Sure, he throws out a few pouty, wistful moments for the ladies in the audience, but there’s a cynicism, an edge to Miyamoto that’s unlike any of Kaneshiro’s previous roles, and is very cool to watch. And he easily gives Keanu Reeves a run for his money in the “black trenchcoat and sunglasses” department. With the recent announcement that Kaneshiro will be starring in Zhang Yimou’s (Hero) next martial arts epic, it looks like this won’t be the last time we see Kaneshiro handing out beatdowns, and I am stoked about that.
At its best moments, Returner is quite a lot of fun as far as special effects-laden fluff goes. It’s the perfect movie to enjoy with your brain turned off, so that you don’t spend half of it exclaiming things like “Didn’t Tom Cruise do that exact same motorcycle stunt before?” When the film isn’t afraid to take itself lightly, it makes for some very enjoyable stuff. For example, the mall scene sounds positively cringe-inducing but it’s actually one of the film’s best moments, if only to see Ann Suzuki’s charm and cuteness (*sigh*) play off of Kaneshiro’s reactions. Scenes like this are done with tongue planted firmly in cheek; everyone’s in on the joke and as a result, they’re just a lot of fun to watch.
But even with such moments sprinkled throughout, the film’s overall tone is a tad too heavyhanded. A little melodrama goes a long way in a movie like this. That’s true especially towards the end, when the film gets bogged down with Miyamoto’s grudge against Mizoguchi for killing his childhood buddy and Milly’s doubts about her ability to alter the future. And the film’s final leg, a lengthy run through the oil rig, drags on for what should be a pulse-pounding, adrenaline-filled climax. There are some really awesome spectacles, but there’s too much dialog inbetween, usually in the form of heartwarming speeches resulting from characters having “a moment.”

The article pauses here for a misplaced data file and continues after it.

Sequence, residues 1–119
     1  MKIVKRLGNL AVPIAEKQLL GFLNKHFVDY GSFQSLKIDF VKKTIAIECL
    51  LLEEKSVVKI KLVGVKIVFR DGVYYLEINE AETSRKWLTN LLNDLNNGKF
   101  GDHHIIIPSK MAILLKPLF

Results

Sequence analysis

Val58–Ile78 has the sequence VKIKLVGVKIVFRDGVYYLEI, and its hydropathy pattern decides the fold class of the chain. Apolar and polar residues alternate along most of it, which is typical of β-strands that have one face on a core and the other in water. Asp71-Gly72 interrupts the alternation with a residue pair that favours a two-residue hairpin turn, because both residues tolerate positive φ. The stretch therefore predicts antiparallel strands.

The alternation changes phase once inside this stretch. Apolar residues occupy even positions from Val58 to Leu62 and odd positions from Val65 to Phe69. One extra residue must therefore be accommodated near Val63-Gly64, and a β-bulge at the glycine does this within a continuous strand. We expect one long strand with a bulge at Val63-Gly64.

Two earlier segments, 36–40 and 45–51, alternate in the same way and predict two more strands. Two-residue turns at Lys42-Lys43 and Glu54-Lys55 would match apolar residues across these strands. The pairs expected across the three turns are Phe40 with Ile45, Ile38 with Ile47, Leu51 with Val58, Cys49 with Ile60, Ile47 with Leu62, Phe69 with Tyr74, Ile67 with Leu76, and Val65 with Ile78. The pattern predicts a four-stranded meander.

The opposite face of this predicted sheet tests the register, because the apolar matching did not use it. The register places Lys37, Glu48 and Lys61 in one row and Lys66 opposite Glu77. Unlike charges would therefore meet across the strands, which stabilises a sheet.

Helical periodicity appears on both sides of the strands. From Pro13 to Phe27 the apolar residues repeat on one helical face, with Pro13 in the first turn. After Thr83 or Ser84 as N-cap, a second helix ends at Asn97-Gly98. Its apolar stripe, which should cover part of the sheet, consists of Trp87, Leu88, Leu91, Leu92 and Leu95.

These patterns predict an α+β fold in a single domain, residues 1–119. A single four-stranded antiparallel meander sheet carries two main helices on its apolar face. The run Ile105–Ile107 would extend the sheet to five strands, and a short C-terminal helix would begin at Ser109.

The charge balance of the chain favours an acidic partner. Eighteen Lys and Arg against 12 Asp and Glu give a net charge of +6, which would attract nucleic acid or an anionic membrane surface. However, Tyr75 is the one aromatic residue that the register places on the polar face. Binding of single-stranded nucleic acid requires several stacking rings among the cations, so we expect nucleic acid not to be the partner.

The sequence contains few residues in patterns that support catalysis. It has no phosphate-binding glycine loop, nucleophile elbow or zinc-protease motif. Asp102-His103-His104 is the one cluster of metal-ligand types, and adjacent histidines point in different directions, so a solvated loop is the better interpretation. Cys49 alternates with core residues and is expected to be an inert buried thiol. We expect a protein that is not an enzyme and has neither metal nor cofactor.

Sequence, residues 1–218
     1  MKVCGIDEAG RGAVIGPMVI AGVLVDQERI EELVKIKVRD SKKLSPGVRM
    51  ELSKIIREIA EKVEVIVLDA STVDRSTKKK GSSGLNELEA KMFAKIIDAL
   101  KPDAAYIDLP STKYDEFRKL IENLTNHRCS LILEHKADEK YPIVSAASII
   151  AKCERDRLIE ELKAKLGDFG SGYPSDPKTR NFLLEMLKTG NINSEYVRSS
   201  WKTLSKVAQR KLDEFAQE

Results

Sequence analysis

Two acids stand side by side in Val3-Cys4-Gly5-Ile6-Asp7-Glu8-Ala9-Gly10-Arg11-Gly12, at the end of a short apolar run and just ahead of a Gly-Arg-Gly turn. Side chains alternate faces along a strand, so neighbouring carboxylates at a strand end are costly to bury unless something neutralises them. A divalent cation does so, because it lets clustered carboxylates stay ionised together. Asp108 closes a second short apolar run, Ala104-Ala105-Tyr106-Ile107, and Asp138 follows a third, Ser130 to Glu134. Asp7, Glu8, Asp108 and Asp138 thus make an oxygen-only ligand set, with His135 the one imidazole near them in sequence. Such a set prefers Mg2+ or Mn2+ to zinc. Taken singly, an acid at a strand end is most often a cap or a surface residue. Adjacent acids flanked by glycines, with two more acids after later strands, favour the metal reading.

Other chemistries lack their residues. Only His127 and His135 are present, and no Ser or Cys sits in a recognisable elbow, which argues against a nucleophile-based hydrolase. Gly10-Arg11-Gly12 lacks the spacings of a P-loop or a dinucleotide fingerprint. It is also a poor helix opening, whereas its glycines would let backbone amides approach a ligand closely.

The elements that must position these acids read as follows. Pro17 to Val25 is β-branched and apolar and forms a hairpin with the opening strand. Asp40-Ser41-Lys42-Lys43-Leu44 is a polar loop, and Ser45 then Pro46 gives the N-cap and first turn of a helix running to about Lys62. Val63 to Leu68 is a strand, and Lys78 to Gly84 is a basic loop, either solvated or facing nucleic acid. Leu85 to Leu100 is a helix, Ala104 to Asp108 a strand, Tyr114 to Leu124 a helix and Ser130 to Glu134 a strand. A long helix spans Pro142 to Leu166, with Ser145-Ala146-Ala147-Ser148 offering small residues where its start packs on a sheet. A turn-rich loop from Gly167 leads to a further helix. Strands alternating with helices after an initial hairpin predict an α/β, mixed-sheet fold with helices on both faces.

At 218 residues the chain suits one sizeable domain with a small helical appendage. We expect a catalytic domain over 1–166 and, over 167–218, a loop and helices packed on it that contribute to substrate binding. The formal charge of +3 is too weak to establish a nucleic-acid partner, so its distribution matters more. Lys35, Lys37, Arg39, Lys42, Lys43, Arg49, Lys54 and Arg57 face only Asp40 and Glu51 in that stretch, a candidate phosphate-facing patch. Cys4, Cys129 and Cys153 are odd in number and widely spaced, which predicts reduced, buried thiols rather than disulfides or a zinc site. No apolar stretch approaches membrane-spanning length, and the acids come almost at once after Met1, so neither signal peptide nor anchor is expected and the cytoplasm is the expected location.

On the positive side, I really liked the way Milly and Miyamoto’s relationship was handled (thankfully, there’s no romance to really foul things up), and a little twist occurs in the closing minutes that gives the movie a nice, yet poignant sense of closure.
Returner is funnest when the filmmakers don’t even try to justify what they’re putting onscreen, but just dole it out with a grin and a wink, and rational thought be damned. By Returner’s end though, I’m still left wanting more. As clichéd and over the top as it is, Returner feels like it should be even moreso. After all, they borrow from Independence Day! They’ve already crossed the line, they might as well go for broke.
There are scenes that need a lighter touch. That need the melodrama replaced with humor and witty dialog. That need to have a few more explosions or mind-bending kung fu moves simply because it’s a crazy action movie with awesome special effects and those things only happen in crazy action movies with awesome special effects. It needs more clichés, more ass-kicking, more cool poses, more one-liners… just simply more, more, more.
But let’s not get ridiculous. We don’t need another Red Shadow.